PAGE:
I hear him creep down the stairs in the early morning and rush to his stocking on the fireplace. Then he wakes everyone to announce that Santa has come.
This year, Povy and her family will travel to Asia, so our gathering at the Bride’s House will be just Bob, Dana, and me. But no matter. We don’t all have to be together to celebrate that day of love and peace. We share Christmas in our hearts. —SD
Bob and I attended the Women Writing the West convention in Kansas City in mid-October, where I received a Willa Award for True Sisters and was an award finalist for The Quilt Walk. It was gratifying to see how women bond and support each other. I always urge any woman who asks for advice on writing to join WWW because the organization is not only educational but nurturing. The diverse styles, subject matter and formats women employ in their writing is impressive. The conference is also fun, and it’s spawned enduring friendships. One of the highlights was spending a few minutes with my dear friend, Jane Kirkpatrick, whose books I love.
Stitches: A Handbook on Meaning, Hope and Repair. By Anne Lamott. Riverhead Books
You already know how much I love Anne’s Lamott’s books on faith. Stitches is the best since her Traveling Mercies. The book tells how to deal with loss. Lamott doesn’t have all the answers, but she has some. “Helping one another stand up in a wind and stay warm” is just about the best way, she writes.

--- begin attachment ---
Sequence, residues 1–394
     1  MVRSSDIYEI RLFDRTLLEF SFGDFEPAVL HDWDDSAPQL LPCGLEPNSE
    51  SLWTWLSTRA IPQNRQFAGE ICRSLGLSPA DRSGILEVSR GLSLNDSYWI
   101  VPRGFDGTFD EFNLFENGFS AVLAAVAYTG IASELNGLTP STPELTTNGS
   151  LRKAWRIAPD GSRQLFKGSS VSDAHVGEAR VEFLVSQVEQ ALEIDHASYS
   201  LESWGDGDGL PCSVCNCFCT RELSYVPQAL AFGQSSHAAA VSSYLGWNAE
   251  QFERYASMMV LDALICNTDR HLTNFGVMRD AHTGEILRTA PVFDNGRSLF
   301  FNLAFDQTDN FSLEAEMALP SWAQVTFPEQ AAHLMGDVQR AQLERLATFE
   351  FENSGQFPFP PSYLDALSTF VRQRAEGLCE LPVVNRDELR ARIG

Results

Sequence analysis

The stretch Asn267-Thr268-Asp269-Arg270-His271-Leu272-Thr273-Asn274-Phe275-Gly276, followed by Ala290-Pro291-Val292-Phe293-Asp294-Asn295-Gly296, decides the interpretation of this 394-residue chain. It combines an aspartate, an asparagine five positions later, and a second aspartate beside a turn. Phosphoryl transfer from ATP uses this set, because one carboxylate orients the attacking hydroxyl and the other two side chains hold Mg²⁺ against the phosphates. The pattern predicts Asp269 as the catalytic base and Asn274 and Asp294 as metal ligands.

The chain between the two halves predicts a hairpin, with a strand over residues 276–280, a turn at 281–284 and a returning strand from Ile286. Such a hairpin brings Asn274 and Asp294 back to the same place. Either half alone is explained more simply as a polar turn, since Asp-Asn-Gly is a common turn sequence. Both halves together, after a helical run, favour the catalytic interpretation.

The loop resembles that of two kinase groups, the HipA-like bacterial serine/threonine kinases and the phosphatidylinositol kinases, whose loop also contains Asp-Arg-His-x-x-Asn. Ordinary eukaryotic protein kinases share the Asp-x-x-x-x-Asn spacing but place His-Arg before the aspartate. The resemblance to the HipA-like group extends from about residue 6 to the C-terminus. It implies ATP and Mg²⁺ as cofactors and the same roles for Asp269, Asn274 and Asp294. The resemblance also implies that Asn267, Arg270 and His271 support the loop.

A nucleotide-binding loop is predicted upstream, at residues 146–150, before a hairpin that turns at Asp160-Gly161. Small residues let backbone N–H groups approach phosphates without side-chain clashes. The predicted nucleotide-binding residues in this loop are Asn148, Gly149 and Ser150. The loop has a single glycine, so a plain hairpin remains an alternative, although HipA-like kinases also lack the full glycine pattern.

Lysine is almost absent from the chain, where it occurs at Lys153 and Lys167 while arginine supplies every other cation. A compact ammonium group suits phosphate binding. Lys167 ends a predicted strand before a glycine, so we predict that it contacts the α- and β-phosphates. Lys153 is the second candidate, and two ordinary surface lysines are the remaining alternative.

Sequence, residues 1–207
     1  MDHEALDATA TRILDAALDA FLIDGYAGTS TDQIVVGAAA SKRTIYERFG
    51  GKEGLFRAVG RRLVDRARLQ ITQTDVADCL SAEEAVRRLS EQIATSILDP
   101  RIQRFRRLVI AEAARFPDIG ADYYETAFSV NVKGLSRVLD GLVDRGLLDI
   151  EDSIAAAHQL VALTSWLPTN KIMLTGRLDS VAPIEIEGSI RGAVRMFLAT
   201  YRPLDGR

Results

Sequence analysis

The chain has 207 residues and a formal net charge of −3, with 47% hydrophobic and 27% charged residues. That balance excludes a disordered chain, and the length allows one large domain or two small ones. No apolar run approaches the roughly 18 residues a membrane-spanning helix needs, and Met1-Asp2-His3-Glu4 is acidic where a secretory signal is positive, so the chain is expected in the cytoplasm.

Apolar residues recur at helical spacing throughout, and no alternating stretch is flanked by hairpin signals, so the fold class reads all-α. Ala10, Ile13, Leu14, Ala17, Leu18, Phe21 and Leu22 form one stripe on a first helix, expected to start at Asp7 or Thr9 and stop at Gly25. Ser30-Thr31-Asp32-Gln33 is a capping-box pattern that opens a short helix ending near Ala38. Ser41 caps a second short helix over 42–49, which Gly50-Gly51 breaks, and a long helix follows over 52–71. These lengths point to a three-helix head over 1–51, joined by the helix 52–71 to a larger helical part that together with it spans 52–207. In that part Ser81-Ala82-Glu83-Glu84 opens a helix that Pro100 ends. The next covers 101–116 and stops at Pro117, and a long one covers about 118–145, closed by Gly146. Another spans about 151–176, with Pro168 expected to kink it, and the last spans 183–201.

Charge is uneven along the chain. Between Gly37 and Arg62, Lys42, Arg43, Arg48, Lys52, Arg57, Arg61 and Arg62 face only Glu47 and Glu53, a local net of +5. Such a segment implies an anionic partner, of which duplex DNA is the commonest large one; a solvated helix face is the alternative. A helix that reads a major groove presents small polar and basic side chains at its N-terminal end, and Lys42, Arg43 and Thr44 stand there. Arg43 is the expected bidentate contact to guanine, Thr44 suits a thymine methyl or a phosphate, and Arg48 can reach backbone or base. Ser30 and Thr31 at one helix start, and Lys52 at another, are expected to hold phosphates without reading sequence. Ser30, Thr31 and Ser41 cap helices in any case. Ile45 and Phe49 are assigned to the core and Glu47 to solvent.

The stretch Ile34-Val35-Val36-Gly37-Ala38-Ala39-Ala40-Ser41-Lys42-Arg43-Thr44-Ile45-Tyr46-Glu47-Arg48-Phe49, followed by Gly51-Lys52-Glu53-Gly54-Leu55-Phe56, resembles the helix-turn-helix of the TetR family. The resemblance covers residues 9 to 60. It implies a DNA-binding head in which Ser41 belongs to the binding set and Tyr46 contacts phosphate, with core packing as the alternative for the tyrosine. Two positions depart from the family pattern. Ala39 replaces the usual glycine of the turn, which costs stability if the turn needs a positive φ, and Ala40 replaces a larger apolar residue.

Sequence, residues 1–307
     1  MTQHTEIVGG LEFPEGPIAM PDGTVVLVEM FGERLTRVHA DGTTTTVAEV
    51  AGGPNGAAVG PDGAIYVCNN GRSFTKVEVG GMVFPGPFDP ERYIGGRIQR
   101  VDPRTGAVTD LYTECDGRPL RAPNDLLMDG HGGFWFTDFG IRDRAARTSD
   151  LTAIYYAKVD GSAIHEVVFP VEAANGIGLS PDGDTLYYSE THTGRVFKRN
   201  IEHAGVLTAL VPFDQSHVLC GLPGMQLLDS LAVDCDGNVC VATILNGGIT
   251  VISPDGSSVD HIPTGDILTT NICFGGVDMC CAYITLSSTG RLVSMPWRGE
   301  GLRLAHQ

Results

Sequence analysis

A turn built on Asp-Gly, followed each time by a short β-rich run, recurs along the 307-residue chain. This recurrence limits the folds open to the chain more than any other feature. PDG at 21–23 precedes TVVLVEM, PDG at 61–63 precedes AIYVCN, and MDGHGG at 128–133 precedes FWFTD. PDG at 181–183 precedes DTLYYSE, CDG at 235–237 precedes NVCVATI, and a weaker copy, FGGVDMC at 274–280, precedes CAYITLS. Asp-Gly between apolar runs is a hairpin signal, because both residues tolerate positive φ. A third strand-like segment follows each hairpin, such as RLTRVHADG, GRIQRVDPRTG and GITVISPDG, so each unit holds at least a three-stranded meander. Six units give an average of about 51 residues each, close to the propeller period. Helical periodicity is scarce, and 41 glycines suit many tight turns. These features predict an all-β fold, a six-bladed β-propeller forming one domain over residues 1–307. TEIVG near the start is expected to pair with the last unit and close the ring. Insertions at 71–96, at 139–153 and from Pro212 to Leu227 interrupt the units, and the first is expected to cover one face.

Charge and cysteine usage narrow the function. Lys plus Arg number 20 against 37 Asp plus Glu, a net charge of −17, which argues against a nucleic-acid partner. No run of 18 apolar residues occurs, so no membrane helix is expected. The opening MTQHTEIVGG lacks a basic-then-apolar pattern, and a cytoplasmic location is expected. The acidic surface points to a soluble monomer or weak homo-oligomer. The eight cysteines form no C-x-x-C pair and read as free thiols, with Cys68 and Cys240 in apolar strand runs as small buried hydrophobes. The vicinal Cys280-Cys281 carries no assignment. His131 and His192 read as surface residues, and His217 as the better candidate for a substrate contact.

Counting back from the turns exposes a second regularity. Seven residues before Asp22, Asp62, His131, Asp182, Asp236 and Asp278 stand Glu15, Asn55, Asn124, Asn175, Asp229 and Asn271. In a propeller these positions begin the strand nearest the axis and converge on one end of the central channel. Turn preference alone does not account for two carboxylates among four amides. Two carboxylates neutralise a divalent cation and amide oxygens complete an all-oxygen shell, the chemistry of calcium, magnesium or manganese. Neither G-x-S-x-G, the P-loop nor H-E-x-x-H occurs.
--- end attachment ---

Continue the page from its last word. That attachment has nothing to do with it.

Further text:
She gives advice on what to tell—or not tell—people coping with tragedy. Many of us stay away because we don’t know what to say or fear saying the wrong thing. “It is not helpful to many people if you say that it’s all part of God’s perfect plan or that it’s for the highest good,” she writes. In fact, she advises, it’s okay just to be there and keep your mouth shut.
Of course, this is Anne Lamott, and the book is not just helpful but hilarious. If you’re just learning how to forgive, she says, it’s not necessary to start with the Gestapo.
The Gods of Guilt. By Michael Connelly. Little, Brown.
I’m pretty fond of Michael Connelly, too, and of course, I’m not the only one. The Gods of Guilt makes up for last year’s book, which read as if he’d phoned it in. These gods are the jury, who not only decide guilt or innocence but life and death.
This is another Lincoln Lawyer book about the lawyer who works out of his car instead of an office. Connelly diverged from his best-selling detective series about Harry Bosch a few books back when he introduced Mickey Haller, Bosch’s half-brother. Haller is an ambulance chaser with a number of flaws, but ultimately, he is a good guy who works hard on behalf of his clients. In this case, the client is Andre La Cosse, a digital pimp who runs websites for hookers. He’s accused of murdering a prostitute, a woman Haller thought had left the life—left with his help.
Haller decides early on that La Cosse has been set up, and he pulls out all the stops to prove it to the gods of guilt. Those gods aren’t just sitting in a jury box. Haller has his own issues to deal with, so this book is also about dealing with the gods of guilt in ordinary life.—SD